How to choose a flight school

choose a flight school

choose a flight school

Perhaps you have always wanted to get your pilot license ever since you watched airplanes flying overhead as a child. Or maybe your interest in learning to fly has come more recently, following the gift of an intro flight, or while researching a change in career. Whatever your motivation, the time has come for you to research and choose a flight school.

Some things are easy to research: choosing a gym, fitness coach or a piano teacher is relatively simple because we have experience with them and know many people from whom to get recommendations. Finding a flight school can be more daunting but by the time you have finished reading this, you should all of the tools you need to choose a flight school.

How quickly do you want to complete your flight training and get your license?

When you are looking to choose a flight school you want to ask yourself how fast do you need to finish your flight training? Some schools cater to students who are looking to get the licenses they need to fly airliners, while many independent instructors choose to take the time you need to make you part of your local aviation community.

It can often be cheaper to get your license quickly, because you spend fewer hours in training, but it may cost more up front. Getting your license more slowly may cost more overall, but you get to spread the cost of training over a longer period.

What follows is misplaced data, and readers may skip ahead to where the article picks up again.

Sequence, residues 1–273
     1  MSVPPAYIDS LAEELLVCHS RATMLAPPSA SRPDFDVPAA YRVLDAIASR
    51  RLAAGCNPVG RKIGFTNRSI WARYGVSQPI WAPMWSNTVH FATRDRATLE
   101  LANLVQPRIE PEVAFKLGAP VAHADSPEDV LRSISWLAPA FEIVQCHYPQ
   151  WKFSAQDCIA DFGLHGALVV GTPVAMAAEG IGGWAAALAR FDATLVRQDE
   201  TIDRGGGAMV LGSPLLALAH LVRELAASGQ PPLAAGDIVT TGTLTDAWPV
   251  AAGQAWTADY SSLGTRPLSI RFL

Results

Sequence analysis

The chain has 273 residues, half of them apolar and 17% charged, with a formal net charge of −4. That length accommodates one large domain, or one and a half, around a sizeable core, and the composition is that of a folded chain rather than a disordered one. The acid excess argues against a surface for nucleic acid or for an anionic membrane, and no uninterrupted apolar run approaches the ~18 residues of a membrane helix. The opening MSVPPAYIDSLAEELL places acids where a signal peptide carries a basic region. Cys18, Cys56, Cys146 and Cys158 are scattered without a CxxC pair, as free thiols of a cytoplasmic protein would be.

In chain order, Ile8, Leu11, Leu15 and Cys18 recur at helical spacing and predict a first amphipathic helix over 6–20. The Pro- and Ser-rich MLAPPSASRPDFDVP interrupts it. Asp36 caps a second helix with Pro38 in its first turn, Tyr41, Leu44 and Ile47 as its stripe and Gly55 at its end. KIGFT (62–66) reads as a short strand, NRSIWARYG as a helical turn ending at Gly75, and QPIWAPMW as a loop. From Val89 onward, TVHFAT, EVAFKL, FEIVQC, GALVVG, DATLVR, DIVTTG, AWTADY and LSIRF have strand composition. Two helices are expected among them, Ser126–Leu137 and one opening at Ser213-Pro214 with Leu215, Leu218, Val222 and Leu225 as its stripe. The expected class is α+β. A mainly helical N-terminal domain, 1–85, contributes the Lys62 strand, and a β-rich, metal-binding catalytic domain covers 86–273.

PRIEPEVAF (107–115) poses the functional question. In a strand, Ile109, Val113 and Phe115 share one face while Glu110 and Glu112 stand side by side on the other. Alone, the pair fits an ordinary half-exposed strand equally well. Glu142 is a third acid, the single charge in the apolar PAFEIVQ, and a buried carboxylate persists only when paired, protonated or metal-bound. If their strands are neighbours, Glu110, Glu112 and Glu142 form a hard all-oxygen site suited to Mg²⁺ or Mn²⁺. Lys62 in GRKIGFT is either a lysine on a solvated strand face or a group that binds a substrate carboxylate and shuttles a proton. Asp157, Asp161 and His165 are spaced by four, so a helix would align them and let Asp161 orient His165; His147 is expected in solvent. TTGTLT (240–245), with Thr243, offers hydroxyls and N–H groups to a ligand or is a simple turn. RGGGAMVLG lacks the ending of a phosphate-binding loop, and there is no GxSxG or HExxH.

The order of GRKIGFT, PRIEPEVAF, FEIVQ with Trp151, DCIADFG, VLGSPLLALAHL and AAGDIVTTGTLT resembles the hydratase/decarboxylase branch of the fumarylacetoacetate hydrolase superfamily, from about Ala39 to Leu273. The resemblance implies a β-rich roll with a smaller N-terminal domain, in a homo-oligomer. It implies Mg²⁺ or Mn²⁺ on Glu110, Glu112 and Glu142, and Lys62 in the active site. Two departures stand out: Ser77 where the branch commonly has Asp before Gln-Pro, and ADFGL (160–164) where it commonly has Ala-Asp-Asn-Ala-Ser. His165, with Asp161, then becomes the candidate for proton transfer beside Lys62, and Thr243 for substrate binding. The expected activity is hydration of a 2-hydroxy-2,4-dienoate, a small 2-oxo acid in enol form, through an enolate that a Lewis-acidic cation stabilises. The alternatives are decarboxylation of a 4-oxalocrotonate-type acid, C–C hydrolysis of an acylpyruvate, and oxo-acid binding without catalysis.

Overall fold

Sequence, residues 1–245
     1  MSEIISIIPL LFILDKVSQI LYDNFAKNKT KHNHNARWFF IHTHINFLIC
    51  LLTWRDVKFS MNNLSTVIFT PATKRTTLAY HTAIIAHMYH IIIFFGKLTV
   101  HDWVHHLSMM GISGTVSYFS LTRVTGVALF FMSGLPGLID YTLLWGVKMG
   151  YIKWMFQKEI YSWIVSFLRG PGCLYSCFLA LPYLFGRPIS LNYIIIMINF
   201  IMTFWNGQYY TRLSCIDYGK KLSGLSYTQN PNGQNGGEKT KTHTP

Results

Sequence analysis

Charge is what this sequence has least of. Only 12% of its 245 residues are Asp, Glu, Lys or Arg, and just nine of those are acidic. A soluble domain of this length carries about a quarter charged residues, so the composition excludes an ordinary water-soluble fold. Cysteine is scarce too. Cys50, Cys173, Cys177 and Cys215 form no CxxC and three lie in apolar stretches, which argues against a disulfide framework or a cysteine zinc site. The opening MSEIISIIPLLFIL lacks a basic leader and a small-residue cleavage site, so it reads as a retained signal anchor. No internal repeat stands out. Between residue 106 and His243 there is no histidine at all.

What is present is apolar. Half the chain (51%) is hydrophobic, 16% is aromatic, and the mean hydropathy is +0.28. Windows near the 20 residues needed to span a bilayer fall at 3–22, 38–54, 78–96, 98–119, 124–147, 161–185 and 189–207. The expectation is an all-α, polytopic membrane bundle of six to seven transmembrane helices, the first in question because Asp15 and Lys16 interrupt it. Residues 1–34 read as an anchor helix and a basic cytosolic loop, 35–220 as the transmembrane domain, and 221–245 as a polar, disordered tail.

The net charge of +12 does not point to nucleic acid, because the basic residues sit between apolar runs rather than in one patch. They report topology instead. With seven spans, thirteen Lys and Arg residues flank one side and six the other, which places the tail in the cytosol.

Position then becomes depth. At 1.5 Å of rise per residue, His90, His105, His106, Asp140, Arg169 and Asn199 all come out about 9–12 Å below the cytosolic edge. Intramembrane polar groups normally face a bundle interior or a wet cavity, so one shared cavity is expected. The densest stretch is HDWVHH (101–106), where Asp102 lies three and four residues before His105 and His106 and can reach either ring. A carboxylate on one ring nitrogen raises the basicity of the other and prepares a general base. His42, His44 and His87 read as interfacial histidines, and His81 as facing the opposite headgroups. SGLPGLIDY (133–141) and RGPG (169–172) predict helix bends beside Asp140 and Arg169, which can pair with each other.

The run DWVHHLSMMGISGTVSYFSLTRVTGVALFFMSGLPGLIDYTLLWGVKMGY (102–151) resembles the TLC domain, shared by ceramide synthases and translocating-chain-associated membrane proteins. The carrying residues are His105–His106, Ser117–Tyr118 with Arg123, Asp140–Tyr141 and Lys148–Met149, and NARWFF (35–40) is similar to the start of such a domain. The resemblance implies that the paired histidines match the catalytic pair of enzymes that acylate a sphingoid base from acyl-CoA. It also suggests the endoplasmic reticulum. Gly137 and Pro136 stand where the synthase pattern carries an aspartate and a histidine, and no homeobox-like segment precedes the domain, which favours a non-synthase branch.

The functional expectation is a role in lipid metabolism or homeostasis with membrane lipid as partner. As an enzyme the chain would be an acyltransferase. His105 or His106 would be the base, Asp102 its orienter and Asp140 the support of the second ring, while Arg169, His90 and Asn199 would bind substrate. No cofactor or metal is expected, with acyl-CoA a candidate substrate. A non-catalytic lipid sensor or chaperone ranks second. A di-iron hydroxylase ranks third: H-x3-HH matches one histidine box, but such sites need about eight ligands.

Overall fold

Should you continue training at the school you know?

If you have already taken an intro flight, sometimes called a discovery flight, it can be tempting to continue training at the school you already know. Learning to fly is a major investment in training. When you choose a flight school, you should treat it like making other large purchases. Take the time to research your options so you can make an informed choice. Here are some important points to consider.

Total anticipated flight training cost?

Society today demands instant gratification and people have been taught to shop for price regardless of value. Many people shop around looking for the flight school that offers the cheapest rental and instruction rates. When it is time to choose a flight school this is not the best approach. The hourly rate has nothing to do with how much you are going to spend by the time you get your license, since there are so many other factors to consider as well.